One creative mind can (not) pull the whole team down
High expectations are placed on team members who are considered to be particularly creative. In order for them to meet these expectations, certain basic conditions must be created. And for innovative team results, even a particularly creative head absolutely needs a team that is eager to learn and proactive.
Teamwork is more important than ever in our working world to deal with increasingly complex issues. In this context and on the way to innovations, creativity is undoubtedly an important strength
So there is already a lot of evidence on how creativity is created, what it leads to and also how we can help our creativity to take off. This is primarily about the creativity of each individual. In everyday (working) life and in our cooperation we often assume that the more creative the individual people are, the more creative the result of the group has to be. In science we find confirmation for the assumption that the creativity of teams is a product of individual creativity (Pirola-Merlo & Mann, 2004).
Everyone has certainly been happy to have a particularly creative mind in the team – in the hope that this will already bring innovative solutions. There are also scientific findings on this subject: team creativity seems to depend positively on the most creative team member (Somech & Drach-Zahavy, 2013).
Then how can it be that there are always cases in which creative individuals fail together?
“Creative stars” are both a curse and a blessing
A new study by Li, Li, Li & Li (2020) provides new findings in this respect: It shows that particularly creative team members can have both a positive and a negative influence on the creativity of the entire team. It also provides information about when teams really benefit from particularly creative individuals.
The study deals with the influence of so-called “creative stars”, i.e. team members who are particularly creative compared to the other team members, on the creativity of the entire team.
The researchers carried out two independent studies with teams from research & development and sales in various industries. In two waves of the survey, teams and team leaders were first interviewed about how they organize teamwork, and then the respective managers of the divisions were interviewed about the degree of creativity of the teams.
The study results show the following:
First, the assumption, which is also widespread in everyday work, is confirmed that particularly creative minds who play a central role in teams (measured by the extent to which team members rely on receiving relevant information from this person) have a positive effect on the creativity of the entire team.
However, the results also show that these creative minds do not have an exclusively positive effect on the team: By hindering the knowledge acquisition of the less creative team members – measured in explorative and exploitative learning activities – they have a negative impact on the creativity of the whole team.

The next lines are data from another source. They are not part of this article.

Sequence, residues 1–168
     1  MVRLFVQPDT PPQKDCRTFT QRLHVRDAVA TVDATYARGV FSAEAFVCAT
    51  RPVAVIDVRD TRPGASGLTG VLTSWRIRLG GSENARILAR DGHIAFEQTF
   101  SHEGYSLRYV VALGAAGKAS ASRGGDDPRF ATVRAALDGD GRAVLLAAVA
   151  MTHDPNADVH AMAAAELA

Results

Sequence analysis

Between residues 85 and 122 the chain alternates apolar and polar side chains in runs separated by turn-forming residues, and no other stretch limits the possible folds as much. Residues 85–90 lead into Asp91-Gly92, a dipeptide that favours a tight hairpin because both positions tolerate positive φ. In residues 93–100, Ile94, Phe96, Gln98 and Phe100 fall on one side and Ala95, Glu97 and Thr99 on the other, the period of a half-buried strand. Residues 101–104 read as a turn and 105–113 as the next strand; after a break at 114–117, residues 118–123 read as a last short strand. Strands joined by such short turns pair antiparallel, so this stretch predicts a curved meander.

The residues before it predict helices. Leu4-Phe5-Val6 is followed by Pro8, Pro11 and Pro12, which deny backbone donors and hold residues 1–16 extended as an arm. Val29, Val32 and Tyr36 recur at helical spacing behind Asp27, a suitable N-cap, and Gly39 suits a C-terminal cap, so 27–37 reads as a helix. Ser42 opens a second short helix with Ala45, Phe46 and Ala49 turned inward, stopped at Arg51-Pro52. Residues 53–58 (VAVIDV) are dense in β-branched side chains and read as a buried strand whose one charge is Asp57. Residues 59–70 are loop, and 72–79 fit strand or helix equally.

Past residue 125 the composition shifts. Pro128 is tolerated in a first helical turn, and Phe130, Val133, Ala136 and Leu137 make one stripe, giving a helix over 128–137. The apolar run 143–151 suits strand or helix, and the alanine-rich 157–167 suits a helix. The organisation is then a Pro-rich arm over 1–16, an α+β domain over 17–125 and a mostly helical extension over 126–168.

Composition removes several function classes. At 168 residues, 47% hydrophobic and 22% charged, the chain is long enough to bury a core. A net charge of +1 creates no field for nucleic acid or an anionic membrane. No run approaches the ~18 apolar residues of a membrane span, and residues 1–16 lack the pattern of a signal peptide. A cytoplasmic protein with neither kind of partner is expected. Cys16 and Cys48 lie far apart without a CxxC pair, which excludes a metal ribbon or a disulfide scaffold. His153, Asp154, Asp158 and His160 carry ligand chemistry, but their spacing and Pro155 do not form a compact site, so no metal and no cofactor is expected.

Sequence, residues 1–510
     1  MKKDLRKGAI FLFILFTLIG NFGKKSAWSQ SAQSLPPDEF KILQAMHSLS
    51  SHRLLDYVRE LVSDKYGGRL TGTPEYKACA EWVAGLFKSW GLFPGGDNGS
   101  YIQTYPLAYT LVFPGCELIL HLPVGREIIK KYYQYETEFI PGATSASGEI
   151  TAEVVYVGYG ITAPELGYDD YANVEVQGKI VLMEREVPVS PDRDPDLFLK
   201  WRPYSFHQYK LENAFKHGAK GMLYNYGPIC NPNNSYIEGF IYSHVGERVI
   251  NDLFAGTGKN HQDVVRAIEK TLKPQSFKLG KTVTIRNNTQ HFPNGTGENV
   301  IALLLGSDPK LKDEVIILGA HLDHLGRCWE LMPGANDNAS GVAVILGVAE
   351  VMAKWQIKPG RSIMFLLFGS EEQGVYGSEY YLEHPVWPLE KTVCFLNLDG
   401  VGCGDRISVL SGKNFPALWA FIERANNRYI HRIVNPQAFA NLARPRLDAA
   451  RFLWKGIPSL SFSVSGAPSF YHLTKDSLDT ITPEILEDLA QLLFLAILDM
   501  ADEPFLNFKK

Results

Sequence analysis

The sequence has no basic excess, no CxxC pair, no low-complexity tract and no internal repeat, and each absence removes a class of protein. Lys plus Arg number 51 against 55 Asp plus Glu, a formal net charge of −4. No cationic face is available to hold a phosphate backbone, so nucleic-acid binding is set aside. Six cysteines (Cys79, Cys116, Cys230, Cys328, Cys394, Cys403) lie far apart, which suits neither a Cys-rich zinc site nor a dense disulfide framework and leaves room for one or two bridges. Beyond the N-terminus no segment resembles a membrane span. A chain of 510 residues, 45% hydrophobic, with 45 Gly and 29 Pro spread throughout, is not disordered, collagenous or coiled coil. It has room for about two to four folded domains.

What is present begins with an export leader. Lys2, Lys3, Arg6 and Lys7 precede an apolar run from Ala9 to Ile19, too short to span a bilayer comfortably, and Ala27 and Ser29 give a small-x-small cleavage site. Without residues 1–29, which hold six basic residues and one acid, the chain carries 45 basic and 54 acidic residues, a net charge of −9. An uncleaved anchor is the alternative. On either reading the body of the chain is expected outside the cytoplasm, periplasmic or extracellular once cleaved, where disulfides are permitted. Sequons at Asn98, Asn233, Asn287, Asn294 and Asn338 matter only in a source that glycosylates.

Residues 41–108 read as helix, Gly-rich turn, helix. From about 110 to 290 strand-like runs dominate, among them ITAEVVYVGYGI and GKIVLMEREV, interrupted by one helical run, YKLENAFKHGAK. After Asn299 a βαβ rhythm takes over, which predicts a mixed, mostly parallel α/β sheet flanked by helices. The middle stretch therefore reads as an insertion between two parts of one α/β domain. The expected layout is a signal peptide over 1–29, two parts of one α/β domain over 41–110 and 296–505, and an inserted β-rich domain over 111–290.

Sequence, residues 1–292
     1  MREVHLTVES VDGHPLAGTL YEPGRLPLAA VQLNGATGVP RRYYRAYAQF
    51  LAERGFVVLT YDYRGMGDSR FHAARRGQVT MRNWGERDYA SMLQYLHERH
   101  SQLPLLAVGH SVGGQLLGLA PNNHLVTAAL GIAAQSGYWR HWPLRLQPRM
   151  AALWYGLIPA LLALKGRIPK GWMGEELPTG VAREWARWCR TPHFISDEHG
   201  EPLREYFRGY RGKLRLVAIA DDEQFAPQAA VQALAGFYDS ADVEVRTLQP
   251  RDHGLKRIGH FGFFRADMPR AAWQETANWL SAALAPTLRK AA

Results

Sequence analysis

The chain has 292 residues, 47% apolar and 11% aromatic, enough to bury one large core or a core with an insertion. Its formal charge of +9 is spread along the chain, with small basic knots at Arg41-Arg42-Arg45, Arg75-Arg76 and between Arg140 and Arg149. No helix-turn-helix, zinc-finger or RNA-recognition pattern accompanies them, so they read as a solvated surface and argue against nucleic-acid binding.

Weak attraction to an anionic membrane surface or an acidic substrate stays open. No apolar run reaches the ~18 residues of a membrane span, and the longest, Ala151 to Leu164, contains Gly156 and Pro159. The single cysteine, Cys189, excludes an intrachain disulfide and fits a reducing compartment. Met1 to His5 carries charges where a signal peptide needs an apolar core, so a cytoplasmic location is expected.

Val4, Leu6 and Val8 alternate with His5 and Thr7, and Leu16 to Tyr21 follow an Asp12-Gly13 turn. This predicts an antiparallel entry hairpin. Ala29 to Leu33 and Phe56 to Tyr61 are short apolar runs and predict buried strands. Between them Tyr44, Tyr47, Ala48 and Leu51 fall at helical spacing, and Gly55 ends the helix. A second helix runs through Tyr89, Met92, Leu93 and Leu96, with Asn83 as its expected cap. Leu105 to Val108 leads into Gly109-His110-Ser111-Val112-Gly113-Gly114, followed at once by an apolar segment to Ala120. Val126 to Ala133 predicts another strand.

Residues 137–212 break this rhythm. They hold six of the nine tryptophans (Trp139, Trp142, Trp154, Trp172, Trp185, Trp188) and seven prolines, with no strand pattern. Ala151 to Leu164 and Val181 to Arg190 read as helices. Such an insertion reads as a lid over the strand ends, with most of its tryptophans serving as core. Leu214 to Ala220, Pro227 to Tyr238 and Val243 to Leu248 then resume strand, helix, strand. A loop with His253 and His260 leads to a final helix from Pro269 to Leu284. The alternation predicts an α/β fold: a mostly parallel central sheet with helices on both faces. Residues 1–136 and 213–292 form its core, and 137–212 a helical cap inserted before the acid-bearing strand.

As a third key finding, the researchers are able to demonstrate that there is, however, one quality of team collaboration that can counteract this negative effect: team coordination – the extent to which interactions within teams are effectively coordinated.
To shine, “creative stars” need a central role, an active team and effectively coordinated cooperation
What do these results bring us in practical terms – if we want to achieve really creative results in teams?
The interactions between particularly creative, high-performing employees and their team members deserve special attention, as they can have an impact on the performance of the entire team.
When designing teamwork, we should pay more attention to ensuring that the most creative minds can develop their full potential on the one hand. Here, the study explained shows that this can be achieved, among other things, by ensuring that these employees actually play a central role in the (team) network (Li et al., 2020).
On the other hand, the other team members should also be aware of the importance of their own contributions and thus actively invest in knowledge acquisition and learning. Within the team, a common way should be found to prevent individual team members from relying too much on a supposedly particularly creative head or contributing less actively to the team goal due to its dominance. Creative minds also benefit from the ideas of others and use various information to arrive at new solutions.
Last but not least, the study shows us that effective coordination of team work – for example, common goals, a common language or cooperation at eye level (Li et al., 2020) – is worthwhile. In this way, the most creative among us can be relieved of their important role in teams and the participation of all in the creative process can be encouraged.
Then chances are good that the “creative stars” will develop their full potential together with their team.
Li, Y., Li, N., Li, C. & Li, J. (2020). The boon and bane of creative “stars”: A social network exploration of how and when team creativity is (and is not) driven by a star teammate. Academy of Management Journal, 63 (2), 613-635.
Pirola-Merlo, A., & Mann, L. (2004). The relationship between individual creativity and team creativity: Aggregating across people and time. Journal of Organizational Behavior, 25, 35–257.
Somech, A., & Drach-Zahavy, A. (2013). Translating team creativity to innovation implementation: The role of team composition and climate for innovation. Journal of Management, 39, 684–708.